8 Responses to Blowout preventers used in ALL deep water drilling are “fundamentally flawed by design” — Maddow

  1. Mike Roddy says:

    Thanks, Rachel, that was a great show you did on this.

    The oil industry must have known about this little problem. They are showing incredible stupidity and self destructiveness by ignoring this information. Maybe they figure they’ll just use more dispersants the next time it happens.

    This is another illustration of the kinds of people who are running this country. Their out of control greed has made them stupid, too.

    Meanwhile, why hasn’t the Obama Administration acted on this information, and suspended deepwater drilling until this problem is solved? Do Halliburton and BP’s beancounters have more influence in DC than everybody else put together?

  2. jcwinnie says:

    Operative word is “should” as in “this should be be a wake-up call.”

  3. BBHY says:

    Remember that by law, the drillers liability for a spill is limited to $75 million. So spending lots of money to use blowout preventers that actually work is a waste of money as far as the driller is concerned.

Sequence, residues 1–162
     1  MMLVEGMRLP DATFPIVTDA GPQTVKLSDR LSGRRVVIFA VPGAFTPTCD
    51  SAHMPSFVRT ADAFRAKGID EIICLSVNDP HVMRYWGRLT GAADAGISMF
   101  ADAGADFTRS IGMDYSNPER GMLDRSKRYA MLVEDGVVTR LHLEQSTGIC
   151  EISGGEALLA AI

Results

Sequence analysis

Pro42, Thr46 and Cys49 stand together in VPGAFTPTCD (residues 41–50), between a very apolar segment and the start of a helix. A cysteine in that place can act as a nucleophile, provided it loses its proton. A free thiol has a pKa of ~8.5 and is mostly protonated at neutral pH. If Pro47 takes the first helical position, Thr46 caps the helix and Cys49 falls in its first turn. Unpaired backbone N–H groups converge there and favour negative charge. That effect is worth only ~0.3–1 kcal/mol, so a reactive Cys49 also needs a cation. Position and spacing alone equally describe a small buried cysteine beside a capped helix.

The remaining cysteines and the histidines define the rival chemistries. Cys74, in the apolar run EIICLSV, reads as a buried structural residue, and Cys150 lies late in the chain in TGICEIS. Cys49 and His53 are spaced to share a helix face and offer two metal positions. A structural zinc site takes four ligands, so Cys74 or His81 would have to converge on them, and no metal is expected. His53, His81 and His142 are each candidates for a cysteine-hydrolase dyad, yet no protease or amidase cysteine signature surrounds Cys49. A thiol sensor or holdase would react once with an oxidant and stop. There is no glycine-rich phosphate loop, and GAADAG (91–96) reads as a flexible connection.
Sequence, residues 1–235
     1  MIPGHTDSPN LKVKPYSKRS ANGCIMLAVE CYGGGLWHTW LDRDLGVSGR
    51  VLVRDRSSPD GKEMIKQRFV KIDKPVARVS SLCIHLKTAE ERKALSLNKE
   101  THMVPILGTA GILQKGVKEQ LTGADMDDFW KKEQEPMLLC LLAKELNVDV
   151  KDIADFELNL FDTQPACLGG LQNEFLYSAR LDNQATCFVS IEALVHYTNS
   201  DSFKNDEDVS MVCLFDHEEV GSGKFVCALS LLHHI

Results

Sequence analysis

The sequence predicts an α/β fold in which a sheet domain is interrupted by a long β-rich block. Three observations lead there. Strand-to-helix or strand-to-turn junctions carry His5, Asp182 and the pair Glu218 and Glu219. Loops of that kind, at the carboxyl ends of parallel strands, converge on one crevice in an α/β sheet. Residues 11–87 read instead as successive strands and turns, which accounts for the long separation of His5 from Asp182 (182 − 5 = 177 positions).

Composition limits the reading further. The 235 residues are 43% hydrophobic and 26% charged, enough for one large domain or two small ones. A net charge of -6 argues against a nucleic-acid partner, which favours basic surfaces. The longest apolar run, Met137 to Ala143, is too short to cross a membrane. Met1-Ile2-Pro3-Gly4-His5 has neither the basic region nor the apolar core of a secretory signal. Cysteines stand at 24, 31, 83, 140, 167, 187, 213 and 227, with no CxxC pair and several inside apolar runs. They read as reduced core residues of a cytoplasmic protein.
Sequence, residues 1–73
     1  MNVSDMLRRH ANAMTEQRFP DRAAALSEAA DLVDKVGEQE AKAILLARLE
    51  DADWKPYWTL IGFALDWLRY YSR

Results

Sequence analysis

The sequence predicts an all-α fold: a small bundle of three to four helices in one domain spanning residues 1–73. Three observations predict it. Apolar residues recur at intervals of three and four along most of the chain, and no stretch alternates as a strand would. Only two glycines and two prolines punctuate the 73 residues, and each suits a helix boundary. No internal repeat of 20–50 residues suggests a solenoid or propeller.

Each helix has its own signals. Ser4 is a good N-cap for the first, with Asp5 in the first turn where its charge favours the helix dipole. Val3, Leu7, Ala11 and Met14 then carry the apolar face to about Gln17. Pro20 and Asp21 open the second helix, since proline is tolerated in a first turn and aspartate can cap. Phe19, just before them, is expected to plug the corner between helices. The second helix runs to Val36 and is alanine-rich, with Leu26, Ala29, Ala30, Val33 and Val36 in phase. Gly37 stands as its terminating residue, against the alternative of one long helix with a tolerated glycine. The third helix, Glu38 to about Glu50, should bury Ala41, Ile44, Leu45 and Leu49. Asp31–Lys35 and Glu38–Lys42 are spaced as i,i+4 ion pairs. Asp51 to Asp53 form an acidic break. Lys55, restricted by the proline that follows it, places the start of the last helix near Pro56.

When combined with almost non-existent government regulation, the limited liability makes spills a complete certainty.

  4. Joce13 says:

    Does anyone know if the this type of blowout preventer is also used in Canada?

  5. 350 Now says:

    I repeat my call to climate hawks to contact MS-NBC to either extend Rachel Maddow’s show to two hours and have one full hour dedicated to science (and when applicable, how it relates to politics) or to have a separate stand alone show to do this.

    During the Japan nuclear disaster, her coverage was remarkable and cogent and she is doing a tremendous national public service by covering the USDI report on the blow out preventers. The public needs this information to determine the truth and consequences about deep water drilling.

    She is a rare jewel of a journalist in a box of otherwise cheap gawdy costume decorated info-tainers found at Faux News.

  6. Greg Pallast piles on the agony for the polluters:

    Dispatches UK TV Greg Palast Drills Deep into BP

    Isn’t it time to rename the the blowout preventer as the blowout provider or the bullshit product.

    Whatever, it seems Obama is cowed by the dark forces of oil and coal. Was he another groomed for the job. How many up and comings are being prepared for the future in both the red and the blue camps. Time for an alternative party.

  7. paulm says:

    “TOKYO — In planning their defense against a killer tsunami, the people running Japan’s now-hobbled nuclear power plant dismissed important scientific evidence and all but disregarded 3,000 years of geological history, an Associated Press investigation shows.”

    Human inability to estimate risk. Or is that to ignore risk. Note, this is more a male thing really. If females had more representation in these decisions, many of these idiotic projects would not have gotten off the ground.

  8. paulm says:

    Lies, dam lies, and risk….